all map units in the study area and is most likely influenced by advective exchange with the

overlying water column. The main channel is the dominant habitat of SAV growing in the area

and is therefore significant habitat for a variety of aquatic organisms including the West Indian

Manatee, blue crabs, and as shelter for a number of species during their early life stages.

Riversides (RvS)

The Riversides (RvS) map unit is located on the shallow (<0.5 m) lateral edges of the

Chass Sands and covers 8.6% of the study area. This map unit contains similar species of aquatic

vegetation as the Chass Sands, but also receives greater inputs of sedimentary material,

especially riparian-derived organic debris and algae that accumulate at the channel edges and









settle. Small sticks and leaves from terrestrial plants were commonly encountered in the surface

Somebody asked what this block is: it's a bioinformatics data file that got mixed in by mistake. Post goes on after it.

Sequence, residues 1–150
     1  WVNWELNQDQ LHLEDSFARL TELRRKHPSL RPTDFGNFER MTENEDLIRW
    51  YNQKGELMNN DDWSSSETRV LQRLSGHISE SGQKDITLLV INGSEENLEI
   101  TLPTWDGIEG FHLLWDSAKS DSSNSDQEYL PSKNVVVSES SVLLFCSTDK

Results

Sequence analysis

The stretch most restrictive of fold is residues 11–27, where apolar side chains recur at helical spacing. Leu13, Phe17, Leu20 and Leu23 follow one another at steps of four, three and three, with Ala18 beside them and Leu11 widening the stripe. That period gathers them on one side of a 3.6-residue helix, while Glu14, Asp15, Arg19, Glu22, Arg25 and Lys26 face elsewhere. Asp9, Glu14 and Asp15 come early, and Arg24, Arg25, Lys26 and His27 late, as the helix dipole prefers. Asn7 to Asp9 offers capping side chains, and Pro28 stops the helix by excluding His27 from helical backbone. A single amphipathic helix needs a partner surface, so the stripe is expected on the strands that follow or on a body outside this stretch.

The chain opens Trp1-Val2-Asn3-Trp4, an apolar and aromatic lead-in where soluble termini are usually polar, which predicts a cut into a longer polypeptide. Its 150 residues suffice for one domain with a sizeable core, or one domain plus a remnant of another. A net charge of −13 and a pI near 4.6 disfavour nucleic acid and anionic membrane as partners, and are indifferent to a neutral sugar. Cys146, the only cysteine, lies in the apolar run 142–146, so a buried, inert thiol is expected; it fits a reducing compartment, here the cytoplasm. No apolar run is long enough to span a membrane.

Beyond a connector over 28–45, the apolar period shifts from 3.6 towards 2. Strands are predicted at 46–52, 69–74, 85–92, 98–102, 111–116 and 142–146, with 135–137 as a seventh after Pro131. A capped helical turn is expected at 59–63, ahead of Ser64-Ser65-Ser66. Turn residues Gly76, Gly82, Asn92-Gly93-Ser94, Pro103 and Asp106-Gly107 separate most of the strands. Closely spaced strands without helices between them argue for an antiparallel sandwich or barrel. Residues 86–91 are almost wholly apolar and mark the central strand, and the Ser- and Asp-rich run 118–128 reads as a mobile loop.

horizons of Riversides soils. Water velocity in the lateral channel is quite slow, often resulting in

flow rates of 0-0. 1 m/s.

Contents of OC, TN, and TP ranged from 4-209 g/kg, 0.3-16.6 g/kg, and 50.5-2481mg/kg,

respectively (Table 3-3). The highest OC, TN, and TP contents were located in the surface

horizon and decreased consistently with depth.

The typical pedon of the Riversides map unit was classified to the subgroup level as a

Mollic Psammaquent (Table 3-2, Table 3-5). No diagnostic horizons were present in the typical

pedon and the soil remains saturated year round. Therefore, the subgroup taxonomic

classification was Aquent. Soil pH decreased upon incubation, though not below the pH < 4

required for the definition of sulfidic materials. However, sand and sandy-loam lamellae were